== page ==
Bega man told to walk home from hospital at 2am after arriving with chest pains

South East Regional Hospital
South East Regional Hospital. Photo: SNSWLHD

Much has been said and written about the South East Regional Hospital in 2017 – most of it negative.

And as someone that purports to tell the stories of South East NSW, I haven’t always been sure of how to respond to the growing community concerns around services.

Politics, self-interest, and my own shortcomings have at times muddied the waters for me, and been a handbrake on About Regional coverage. And I didn’t want to add to the avalanche of “hospital bashing” stories.

Paul’s story has changed that, it’s a no bullshit experience that goes to the heart of what a hospital is supposed to provide – care and compassion.

Paul is not his real name. In telling his story Paul doesn’t want to embarrass friends and clients that work at the new facility and has asked to remain anonymous. But he does want change and does want better for the community he has made his home.

Step 1 for Paul. Photo: Ian Campbell
Step 1 for Paul. Photo: Ian Campbell

Paul is a long time Bega Valley resident, “It’ll be 20 years in February,” he says.

A Victorian by birth, Paul says he followed his dad to Merimbula for a holiday and stayed.

He’s in a longterm relationship, in his fifties and runs his own business.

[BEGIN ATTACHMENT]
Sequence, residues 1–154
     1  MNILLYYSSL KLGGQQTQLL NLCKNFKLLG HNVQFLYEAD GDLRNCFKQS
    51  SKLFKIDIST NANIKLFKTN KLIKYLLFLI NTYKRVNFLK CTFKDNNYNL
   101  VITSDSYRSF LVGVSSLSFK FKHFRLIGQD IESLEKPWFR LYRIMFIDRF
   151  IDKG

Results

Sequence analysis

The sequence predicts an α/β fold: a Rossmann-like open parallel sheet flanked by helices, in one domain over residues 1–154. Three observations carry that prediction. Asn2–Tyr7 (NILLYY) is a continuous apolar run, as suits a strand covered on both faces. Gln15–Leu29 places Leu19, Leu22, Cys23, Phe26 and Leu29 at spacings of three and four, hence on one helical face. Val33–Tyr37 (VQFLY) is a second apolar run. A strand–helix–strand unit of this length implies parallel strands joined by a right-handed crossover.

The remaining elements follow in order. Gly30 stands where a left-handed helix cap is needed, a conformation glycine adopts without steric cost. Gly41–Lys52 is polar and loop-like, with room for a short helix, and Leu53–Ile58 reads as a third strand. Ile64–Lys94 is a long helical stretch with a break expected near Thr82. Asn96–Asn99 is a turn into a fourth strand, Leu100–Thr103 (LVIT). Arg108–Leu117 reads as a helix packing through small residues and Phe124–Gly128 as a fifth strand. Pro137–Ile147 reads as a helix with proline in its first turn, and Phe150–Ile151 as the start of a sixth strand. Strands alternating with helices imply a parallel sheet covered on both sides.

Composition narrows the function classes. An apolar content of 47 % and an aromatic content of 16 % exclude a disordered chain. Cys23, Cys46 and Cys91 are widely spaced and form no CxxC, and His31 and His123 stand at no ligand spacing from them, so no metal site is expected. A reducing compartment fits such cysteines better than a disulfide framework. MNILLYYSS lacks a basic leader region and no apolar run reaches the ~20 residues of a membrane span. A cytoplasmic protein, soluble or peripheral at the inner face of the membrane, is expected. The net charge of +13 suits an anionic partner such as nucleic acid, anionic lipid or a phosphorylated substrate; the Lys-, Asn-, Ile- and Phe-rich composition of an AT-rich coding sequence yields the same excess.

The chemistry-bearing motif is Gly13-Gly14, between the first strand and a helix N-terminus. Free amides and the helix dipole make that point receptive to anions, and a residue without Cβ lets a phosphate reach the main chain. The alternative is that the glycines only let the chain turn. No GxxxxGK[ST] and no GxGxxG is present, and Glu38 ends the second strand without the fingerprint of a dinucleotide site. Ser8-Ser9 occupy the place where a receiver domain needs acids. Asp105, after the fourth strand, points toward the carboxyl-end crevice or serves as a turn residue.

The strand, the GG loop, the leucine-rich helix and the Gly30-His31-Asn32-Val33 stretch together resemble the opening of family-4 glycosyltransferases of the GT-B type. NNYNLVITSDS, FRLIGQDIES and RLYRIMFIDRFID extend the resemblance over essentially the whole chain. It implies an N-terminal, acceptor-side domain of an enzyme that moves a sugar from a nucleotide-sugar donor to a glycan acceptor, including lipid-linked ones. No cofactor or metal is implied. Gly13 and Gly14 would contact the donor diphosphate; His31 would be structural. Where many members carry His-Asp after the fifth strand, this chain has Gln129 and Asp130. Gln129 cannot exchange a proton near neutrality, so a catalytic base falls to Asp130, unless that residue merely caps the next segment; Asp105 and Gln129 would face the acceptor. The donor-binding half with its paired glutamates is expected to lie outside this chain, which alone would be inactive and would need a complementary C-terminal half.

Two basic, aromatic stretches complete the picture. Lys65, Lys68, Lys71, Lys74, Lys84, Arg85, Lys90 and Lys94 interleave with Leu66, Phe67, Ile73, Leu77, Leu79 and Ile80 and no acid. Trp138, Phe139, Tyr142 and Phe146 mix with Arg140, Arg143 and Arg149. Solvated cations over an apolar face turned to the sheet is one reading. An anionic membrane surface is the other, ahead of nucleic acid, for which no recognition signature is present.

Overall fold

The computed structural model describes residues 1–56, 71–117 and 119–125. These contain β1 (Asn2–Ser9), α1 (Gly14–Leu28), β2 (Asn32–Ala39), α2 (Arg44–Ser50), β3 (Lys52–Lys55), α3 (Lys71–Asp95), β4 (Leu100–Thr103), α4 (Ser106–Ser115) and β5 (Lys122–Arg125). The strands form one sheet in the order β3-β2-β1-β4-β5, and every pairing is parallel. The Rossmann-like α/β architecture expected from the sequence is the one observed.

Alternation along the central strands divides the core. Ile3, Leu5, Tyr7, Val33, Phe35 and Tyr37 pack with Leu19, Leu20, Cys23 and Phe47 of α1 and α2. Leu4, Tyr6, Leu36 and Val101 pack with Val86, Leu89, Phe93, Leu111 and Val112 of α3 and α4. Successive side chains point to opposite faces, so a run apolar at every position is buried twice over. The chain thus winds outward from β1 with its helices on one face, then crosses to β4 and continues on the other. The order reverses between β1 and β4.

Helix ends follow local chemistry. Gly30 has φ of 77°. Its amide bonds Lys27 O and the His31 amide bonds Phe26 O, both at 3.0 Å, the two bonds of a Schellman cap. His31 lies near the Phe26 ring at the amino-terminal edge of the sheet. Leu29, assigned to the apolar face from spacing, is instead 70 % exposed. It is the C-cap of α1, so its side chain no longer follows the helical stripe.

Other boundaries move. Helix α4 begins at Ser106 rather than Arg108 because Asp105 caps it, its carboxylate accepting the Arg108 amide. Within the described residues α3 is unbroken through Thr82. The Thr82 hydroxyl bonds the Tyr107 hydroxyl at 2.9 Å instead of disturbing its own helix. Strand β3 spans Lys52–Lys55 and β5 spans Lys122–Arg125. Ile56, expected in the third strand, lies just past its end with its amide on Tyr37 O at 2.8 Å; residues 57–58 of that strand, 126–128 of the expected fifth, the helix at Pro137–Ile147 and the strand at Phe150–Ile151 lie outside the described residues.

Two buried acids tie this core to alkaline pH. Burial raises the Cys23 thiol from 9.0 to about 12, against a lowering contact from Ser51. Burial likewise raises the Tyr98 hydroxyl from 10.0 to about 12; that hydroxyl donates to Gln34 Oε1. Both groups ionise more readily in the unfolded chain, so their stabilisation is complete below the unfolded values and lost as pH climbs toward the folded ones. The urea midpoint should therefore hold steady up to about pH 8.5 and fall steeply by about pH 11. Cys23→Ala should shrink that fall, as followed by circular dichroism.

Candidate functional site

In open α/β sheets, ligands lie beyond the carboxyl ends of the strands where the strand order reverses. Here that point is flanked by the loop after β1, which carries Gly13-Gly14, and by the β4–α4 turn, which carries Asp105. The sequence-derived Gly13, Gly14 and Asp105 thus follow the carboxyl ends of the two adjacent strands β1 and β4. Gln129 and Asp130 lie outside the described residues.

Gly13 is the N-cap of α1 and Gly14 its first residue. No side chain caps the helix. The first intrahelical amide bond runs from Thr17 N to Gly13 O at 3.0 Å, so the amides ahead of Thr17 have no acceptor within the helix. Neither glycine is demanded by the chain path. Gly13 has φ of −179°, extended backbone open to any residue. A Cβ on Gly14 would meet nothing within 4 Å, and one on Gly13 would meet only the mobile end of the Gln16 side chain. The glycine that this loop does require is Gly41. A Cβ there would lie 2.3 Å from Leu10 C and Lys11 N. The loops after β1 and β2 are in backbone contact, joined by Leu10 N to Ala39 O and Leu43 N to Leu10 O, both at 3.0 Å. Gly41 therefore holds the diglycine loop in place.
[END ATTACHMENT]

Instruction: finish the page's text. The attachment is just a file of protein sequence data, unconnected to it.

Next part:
In early September on a Sunday evening, Paul and his partner called an ambulance to their Bega home.

Paul was having chest pains, “I’d had a few incidents that day, but after dinner, it got worse and worse,” he says.

Sitting in his kitchen with spag bol bubbling in the background, Paul recounts the experience telling me he couldn’t breathe and that the pain got “pretty bad”.

Step 2. Photo: Ian Campbell
Step 2. Photo: Ian Campbell

“They kept me in hospital for five hours, did blood tests and told me that I didn’t have a heart attack, [they told me] we think you’ve got angina,” Paul says.

The clock had moved around to 1:30 am by this stage and with a diagnosis in hand, Paul was advised to see his  GP during the week.

“They [then] gave me a blanket and said I’d have to walk home,” Paul explains.

Step 3, "If they are going to make people walk home, they should have a footpath all the way." Photo: Ian Campbell
Step 3, “If they are going to make people walk home, they should have a footpath all the way.” Photo: Ian Campbell

Paul arrived at the hospital with his partner five hours earlier via ambulance, they had no car, no way of getting home.

“We have lots of friends, but it was two o’clock in the morning, we didn’t want to impose on people,” he says.

“They [hospital satff] didn’t give me any other option but to walk home.”

No bed was offered, no ride home, just a blanket to guard against the early spring chill.

“I did say – I can’t walk home with angina,” Paul says.